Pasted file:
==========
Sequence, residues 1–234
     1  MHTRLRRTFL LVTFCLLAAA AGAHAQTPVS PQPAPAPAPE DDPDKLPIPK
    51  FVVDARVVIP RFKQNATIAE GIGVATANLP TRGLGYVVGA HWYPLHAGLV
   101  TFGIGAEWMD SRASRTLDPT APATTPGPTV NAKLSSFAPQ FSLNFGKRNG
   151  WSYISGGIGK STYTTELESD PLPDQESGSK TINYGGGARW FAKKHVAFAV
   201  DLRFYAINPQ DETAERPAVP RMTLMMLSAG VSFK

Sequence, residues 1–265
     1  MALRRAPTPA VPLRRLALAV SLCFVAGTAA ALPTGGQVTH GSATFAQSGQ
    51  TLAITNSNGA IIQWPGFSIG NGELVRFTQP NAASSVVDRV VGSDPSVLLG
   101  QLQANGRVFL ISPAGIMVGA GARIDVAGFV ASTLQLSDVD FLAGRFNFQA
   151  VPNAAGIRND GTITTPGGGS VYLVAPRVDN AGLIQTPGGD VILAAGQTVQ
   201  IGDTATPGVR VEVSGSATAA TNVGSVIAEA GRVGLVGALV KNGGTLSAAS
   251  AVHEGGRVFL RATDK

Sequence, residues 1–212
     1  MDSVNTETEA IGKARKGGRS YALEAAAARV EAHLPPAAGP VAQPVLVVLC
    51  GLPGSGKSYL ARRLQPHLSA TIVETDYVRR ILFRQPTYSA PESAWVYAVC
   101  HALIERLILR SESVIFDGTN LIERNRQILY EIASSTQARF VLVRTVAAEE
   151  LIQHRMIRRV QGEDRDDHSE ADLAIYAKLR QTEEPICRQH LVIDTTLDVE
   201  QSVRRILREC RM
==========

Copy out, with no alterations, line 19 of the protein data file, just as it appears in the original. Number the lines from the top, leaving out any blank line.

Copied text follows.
   201  QSVRRILREC RM